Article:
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Submissions/An update on U.S. software patents

From Wikimania 2014 • London, United Kingdom

After careful consideration, the Programme Committee has decided not to accept the below submission at this time. Thank you to the author(s) for participating in the Wikimania 2014 programme submission, we hope to still see you at Wikimania this August.

Submission no. 2502
Title of the submission
An update on U.S. software patents
Type of submission (discussion, hot seat, panel, presentation, tutorial, workshop)
Author of the submission
Peter B. Meyer (Wikimedia DC, contact author), Yi-Fun Hsueh (Wikimedia DC), Ben Klemens (author of book on software patents)
E-mail address
econterms (user:econterms)
Country of origin
Affiliation, if any (organisation, company etc.)
Wikimedia DC
Personal homepage or blog
Abstract (at least 300 words to describe your proposal)

In this presentation we will describe (1) some of the perspectives on whether software inventions should be patentable, and (2) a major case on software patents being considered by the U.S. Supreme Court, and (3) some trends and reforms that will affect software patenting in the future. Reforms are likely since it is widely recognized that the bounds of what is patentable are still unclear and that the "quality" of what is being granted is in some sense too low. Both of these problems lead to a lot of unproductive litigation and can interfere with new software development. However, there is not a consensus on the shape of future reforms.

(1) Economists and legal experts have expressed a variety of points of view on the appropriate government policy toward the patenting of software innovations, and business methods which are closely related to software:

  • That software technology innovations are inventions and should be eligible to be patented, like other inventions, as has become the case now
  • That software inventions should be patent-eligible but in practice the U.S. systems are not working and are letting too many "low quality" patents through (Aharonian (author of a book on patenting artwork), many patent attorneys, Noveck)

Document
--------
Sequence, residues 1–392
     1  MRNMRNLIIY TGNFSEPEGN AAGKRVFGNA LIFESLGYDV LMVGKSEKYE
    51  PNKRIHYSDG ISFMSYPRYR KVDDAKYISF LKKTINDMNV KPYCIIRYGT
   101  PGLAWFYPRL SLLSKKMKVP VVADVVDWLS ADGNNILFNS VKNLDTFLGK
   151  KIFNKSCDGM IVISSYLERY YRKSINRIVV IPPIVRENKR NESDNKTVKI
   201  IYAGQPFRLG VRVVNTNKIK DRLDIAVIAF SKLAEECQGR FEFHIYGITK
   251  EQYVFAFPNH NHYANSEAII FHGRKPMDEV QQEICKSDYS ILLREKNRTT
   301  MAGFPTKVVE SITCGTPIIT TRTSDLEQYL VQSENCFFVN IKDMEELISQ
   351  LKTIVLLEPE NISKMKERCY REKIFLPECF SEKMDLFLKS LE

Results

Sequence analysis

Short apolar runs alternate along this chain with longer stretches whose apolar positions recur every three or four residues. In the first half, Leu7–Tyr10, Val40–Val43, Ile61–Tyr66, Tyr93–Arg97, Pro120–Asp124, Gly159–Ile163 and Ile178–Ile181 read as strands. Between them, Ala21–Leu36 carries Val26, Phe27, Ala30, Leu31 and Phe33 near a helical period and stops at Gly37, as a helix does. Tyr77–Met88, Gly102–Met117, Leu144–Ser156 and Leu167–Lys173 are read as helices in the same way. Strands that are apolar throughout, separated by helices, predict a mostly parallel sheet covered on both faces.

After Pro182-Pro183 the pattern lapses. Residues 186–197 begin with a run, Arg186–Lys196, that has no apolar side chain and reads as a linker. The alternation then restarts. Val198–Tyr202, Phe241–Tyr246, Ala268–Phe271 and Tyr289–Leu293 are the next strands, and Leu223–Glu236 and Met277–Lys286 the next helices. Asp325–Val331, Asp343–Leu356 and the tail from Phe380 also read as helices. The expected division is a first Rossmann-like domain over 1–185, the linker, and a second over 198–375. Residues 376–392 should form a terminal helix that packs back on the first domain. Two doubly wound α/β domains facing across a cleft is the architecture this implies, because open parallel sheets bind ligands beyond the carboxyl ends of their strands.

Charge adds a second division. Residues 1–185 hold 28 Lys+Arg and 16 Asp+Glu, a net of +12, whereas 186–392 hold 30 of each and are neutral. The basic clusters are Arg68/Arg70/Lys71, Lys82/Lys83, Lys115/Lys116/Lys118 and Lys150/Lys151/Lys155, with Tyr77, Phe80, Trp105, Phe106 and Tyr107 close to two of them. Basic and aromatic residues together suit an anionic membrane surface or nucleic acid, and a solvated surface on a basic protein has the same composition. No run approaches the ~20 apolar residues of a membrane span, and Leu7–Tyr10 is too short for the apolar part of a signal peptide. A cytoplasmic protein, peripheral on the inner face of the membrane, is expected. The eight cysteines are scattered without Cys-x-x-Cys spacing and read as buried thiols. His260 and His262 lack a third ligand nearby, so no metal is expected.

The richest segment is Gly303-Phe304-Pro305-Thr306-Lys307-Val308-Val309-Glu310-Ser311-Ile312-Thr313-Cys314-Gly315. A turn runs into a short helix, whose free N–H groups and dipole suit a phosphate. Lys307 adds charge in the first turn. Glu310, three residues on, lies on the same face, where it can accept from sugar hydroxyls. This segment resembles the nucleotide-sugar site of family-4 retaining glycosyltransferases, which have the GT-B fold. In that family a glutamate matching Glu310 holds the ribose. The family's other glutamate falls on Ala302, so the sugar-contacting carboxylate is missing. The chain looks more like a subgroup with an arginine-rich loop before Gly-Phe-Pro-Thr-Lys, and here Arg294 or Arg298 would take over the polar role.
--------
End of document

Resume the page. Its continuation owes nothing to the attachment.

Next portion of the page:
• That software inventions are too much like mathematical methods, discoveries, or natural laws to be patent-eligible (Klemens 2006, Bessen and Meurer)
  • That patents overall do not make sense economically and should be rolled back (Boldrin and Levine 2007)

(2) The U.S. Supreme Court is considering a software patents case called Alice Corp. vs. CLS Bank. Wikimedia-DC members attended and heard part of the oral arguments at the Supreme Court. The case is expected to be decided in July 2014. In this presentation we will summarize the two sides of the case and any judicial outcomes.

(3) Several trends and reform efforts will affect this category of patents in the future. We will summarize them:

  • (a) USPTO leadership has been selected from the leadership of software-patent friendly companies and have instructed examiners that they should avoid rejecting patents based on subject-matter eligibility.[1]
  • (b) Patent applicants are incented not to do extensive searches for prior art, so the patent office ends up doing it and does not have access or resources to do it infinitely well. Furthermore, the patent agents encourage the authors to make many, expansive, and vague claims, which adds to the overall uncertainty in the system.
  • (c) Most "prior art" in the software field is not available to be inspected; it is "dark", hidden both from the inventor and from the patent office.
  • (d) Various forms of early inspection of patents have been attempted, to improve the quality of patents, including a sort of wiki approach described in the book Wiki Government by Noveck.
  • (e) There has been huge growth in patents on software, litigation about them, and costs of that litigation. We will show estimates and graphs. A subset of software patent litigants are called patent trolls and have been a focus of academic study and legislative reform efforts.
  • (f) Younger people have a different view on intellectual property from older people, partly because they have grown up in an age when software technologies are common. (Younger persons have grown up with Napster, Google books, Pirate parties, open source, and free repositories.) We expect pressure to protect the interests of for-profit creators less, and users more.
  • (g) Several countries are experimenting with changes in intellectual property practices (UK, following the Hargreaves report; New Zealand, reducing software patents; developing countries responding to intellectual property provisions of trade agreements).
  1. http://www.uspto.gov/patents/law/exam/bilski_guidance_27jul2010.pdf: "Office personnel should [...] avoid treating an application solely on the basis of patent-eligibility under 35 U.S.C. §101 [subject-matter eligibility rules]."

Legal & Free Culture

Length of session (if other than 30 minutes, specify how long)
15-20 minutes
Will you attend Wikimania if your submission is not accepted?
Slides or further information (optional)
Will post slides when ready.
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  1. Mapep (talk) 20:04, 1 April 2014 (UTC)[reply]
  2. Slowking4 (talk) 22:38, 30 April 2014 (UTC)[reply]
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